When former President Olusegun Obasanjo released his state of the nation press statement of January 23, 2018, calling on President Muhammadu Buhari to forget about 2019 presidency due to failure of his purported nepotistic leadership that has left the country more divided than he met it, among other failings, the responsibility of responding to him was given to a Yoruba man from Kwara state, Alhaji Lai Mohammed, who is the Minister of Information, Culture and National Orientation.
The minister did a fantastic job of it. His response was measured. He was not combative. He did not go haywire, using invectives on Obasanjo as did the minders of Goodluck Jonathan’s administration when a similar fate befell their boss in 2013. Mohammed simply listed the achievements of the government and politely pointed out the inherent mischief in Obasanjo’s charge of the below-the-average performance against Buhari in the light of all the verifiable achievements that he listed. Brilliant!
I would have been disappointed if the minister had imprudently jumped into the fray. With that calculated outing, I had thought the Buhari administration had devised a foolproof strategy of dealing with tendentious issues around the 2019 presidency and the right of first refusal to the presidential ticket that is exclusively Buhari’s in his ruling All Progressives Congress (APC), until the salacious press statement of Sunday, February 4, 2018 by former military president, General Ibrahim Badamasi Babangida (IBB), hit the already tentative polity like a grenade. In the statement, IBB called for a new breed of young leaders to step in the saddle of governance in 2019, most especially the presidency of Nigeria.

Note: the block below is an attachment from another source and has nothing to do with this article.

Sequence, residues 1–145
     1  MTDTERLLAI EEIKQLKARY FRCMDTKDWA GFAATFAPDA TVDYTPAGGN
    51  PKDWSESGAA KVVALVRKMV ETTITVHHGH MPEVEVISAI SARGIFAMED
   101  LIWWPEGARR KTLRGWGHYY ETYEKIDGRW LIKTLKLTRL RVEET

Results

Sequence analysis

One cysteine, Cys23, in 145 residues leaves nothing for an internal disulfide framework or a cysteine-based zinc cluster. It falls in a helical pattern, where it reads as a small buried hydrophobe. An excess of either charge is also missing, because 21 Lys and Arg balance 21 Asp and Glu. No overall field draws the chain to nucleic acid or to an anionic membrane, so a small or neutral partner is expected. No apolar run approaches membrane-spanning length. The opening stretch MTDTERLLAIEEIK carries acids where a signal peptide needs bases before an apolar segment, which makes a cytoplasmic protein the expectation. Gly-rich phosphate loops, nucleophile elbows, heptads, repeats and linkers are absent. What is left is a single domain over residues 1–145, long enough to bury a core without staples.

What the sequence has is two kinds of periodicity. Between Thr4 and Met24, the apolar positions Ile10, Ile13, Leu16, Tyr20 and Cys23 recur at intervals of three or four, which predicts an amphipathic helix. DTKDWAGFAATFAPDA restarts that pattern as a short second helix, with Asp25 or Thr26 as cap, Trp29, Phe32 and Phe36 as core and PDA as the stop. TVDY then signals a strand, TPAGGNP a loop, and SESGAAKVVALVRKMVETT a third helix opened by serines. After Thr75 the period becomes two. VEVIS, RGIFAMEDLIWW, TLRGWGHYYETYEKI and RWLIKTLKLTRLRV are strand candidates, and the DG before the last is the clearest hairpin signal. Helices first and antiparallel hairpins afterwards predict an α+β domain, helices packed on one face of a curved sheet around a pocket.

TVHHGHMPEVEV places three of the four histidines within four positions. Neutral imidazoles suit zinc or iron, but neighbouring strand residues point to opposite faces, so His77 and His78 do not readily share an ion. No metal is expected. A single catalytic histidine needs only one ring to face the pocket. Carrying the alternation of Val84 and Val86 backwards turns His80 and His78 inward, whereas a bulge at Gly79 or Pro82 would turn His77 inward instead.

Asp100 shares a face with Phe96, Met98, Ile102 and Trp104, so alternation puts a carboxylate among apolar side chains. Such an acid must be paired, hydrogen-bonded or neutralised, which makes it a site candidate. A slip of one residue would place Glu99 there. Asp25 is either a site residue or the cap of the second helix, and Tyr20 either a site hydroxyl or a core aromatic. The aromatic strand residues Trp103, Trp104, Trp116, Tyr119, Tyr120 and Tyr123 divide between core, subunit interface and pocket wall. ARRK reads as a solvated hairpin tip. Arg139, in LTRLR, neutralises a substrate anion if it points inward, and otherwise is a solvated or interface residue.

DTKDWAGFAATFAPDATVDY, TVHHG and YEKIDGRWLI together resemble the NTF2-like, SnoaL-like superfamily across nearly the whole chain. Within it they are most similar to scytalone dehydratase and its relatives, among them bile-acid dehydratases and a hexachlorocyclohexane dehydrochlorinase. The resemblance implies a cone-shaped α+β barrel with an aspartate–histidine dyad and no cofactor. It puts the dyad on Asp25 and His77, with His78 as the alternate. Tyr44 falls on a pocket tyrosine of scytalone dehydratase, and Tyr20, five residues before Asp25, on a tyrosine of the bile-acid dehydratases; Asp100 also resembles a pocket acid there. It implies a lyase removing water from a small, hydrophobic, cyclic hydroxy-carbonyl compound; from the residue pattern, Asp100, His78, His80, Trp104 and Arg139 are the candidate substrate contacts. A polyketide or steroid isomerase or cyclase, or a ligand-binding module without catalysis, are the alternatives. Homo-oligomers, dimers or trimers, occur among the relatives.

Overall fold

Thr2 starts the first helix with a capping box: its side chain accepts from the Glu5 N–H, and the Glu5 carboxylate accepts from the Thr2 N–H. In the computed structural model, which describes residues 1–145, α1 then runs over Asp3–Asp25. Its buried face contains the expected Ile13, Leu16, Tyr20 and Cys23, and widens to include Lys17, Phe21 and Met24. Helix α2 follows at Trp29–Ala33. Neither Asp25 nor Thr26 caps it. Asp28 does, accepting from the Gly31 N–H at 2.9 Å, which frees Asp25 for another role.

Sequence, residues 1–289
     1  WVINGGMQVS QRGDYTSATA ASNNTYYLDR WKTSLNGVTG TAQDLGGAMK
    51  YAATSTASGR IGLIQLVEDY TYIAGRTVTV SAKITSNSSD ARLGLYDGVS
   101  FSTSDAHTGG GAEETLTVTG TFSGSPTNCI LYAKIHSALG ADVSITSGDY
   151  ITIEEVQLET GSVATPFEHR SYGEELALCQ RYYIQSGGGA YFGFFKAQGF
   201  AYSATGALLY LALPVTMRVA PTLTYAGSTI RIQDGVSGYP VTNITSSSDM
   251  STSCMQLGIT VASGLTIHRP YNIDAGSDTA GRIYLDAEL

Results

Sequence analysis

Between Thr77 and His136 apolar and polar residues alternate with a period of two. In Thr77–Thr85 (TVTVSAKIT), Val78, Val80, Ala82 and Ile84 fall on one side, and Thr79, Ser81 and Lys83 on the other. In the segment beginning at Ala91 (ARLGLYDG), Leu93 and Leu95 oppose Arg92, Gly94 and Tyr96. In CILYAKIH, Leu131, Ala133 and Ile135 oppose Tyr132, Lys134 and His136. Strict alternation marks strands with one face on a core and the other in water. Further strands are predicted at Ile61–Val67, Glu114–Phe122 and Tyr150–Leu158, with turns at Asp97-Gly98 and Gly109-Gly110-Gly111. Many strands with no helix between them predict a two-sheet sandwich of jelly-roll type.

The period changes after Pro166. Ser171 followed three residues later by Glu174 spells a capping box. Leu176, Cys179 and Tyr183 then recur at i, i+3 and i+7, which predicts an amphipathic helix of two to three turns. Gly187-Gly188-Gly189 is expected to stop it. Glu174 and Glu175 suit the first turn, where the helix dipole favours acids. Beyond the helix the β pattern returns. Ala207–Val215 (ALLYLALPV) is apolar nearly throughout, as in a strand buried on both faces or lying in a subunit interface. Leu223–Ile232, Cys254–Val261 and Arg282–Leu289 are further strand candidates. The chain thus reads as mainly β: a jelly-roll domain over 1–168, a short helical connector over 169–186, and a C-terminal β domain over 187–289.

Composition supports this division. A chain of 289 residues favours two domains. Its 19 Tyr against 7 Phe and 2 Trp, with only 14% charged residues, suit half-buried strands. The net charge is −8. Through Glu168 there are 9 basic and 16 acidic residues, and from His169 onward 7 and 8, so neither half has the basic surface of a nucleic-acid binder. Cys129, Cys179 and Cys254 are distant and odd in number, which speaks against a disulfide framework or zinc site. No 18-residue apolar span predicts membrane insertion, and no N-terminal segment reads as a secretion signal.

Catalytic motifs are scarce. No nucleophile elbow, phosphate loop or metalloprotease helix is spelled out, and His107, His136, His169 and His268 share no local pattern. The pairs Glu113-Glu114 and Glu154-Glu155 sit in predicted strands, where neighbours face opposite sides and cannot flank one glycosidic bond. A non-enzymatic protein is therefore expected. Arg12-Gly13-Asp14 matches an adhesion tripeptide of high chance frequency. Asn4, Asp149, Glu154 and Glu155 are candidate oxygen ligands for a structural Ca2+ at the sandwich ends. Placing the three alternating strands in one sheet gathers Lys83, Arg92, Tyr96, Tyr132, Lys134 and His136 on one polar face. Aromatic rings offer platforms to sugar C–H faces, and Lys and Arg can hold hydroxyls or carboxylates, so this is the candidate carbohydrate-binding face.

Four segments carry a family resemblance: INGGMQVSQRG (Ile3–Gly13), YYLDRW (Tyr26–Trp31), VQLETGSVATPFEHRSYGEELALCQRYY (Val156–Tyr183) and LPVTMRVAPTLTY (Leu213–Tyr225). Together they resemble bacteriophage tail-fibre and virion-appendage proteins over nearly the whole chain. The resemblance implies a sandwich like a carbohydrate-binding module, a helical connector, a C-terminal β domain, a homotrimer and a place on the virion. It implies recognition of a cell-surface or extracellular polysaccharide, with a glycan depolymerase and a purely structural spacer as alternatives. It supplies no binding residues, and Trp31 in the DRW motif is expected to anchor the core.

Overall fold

The crux of the press statement issued on his behalf by his spokesman, Kassim Afegbua, was very clear: even if Buhari decides to exercise his constitutional rights to contest in the 2019 presidential election, Nigerians should muster their voting rights or power to enthrone a more vibrant, progressive, cosmopolitan, knowledge-driven and technologically-inclined alternative from the corpus of young leaders with which Nigeria is blessed. The IBB intervention could not have come at a better time. It was evidently reinforcing the call for departure from the old order, coming on the heels of Obasanjo’s admonition.
Although the statement came with unexpected drama: purported denial by IBB that he authorized the release of the statement, another statement of IBB’s purported real position and finally some follow-up confirmations that were personally made to the various media houses by Afegbua that the original statement he issued on behalf of his boss should be respected as his boss’ real position. The role Afegbua played in preserving the “res” was quite significant. With the support of his boss, he ensured that the gravitas around the historic intervention and the import of it was not degraded.
Amid the confusion, THISDAY had taken a step further to speak to IBB himself and he confirmed the authenticity of the original statement issued on his behalf by Afegbua. I had thought that should have cleared once, and for all time, the controversy deliberately orchestrated to create credibility problem for the remarkable intervention by the former military president. Surprisingly, the response by the federal government, through the Inspector General of Police, this time round, has been anything but shambolic.